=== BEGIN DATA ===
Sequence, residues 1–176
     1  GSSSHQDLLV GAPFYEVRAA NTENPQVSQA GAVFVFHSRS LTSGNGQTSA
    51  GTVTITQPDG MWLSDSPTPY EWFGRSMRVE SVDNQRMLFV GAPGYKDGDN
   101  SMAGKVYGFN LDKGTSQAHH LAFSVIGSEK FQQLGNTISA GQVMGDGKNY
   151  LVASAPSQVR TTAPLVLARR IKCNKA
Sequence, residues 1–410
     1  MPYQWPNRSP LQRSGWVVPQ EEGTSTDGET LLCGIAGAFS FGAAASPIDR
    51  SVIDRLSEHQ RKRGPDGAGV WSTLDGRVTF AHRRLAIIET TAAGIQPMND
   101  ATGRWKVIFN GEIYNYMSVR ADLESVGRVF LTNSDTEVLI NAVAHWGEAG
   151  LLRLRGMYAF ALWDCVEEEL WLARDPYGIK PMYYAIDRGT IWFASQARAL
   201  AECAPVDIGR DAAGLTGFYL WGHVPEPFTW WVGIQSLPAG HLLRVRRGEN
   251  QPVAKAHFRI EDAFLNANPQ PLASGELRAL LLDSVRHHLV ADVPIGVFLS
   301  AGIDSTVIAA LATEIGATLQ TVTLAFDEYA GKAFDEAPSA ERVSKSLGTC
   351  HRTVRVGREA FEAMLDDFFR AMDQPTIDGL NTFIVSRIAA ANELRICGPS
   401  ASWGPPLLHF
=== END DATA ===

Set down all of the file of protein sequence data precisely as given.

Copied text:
Sequence, residues 1–176
     1  GSSSHQDLLV GAPFYEVRAA NTENPQVSQA GAVFVFHSRS LTSGNGQTSA
    51  GTVTITQPDG MWLSDSPTPY EWFGRSMRVE SVDNQRMLFV GAPGYKDGDN
   101  SMAGKVYGFN LDKGTSQAHH LAFSVIGSEK FQQLGNTISA GQVMGDGKNY
   151  LVASAPSQVR TTAPLVLARR IKCNKA
Sequence, residues 1–410
     1  MPYQWPNRSP LQRSGWVVPQ EEGTSTDGET LLCGIAGAFS FGAAASPIDR
    51  SVIDRLSEHQ RKRGPDGAGV WSTLDGRVTF AHRRLAIIET TAAGIQPMND
   101  ATGRWKVIFN GEIYNYMSVR ADLESVGRVF LTNSDTEVLI NAVAHWGEAG
   151  LLRLRGMYAF ALWDCVEEEL WLARDPYGIK PMYYAIDRGT IWFASQARAL
   201  AECAPVDIGR DAAGLTGFYL WGHVPEPFTW WVGIQSLPAG HLLRVRRGEN
   251  QPVAKAHFRI EDAFLNANPQ PLASGELRAL LLDSVRHHLV ADVPIGVFLS
   301  AGIDSTVIAA LATEIGATLQ TVTLAFDEYA GKAFDEAPSA ERVSKSLGTC
   351  HRTVRVGREA FEAMLDDFFR AMDQPTIDGL NTFIVSRIAA ANELRICGPS
   401  ASWGPPLLHF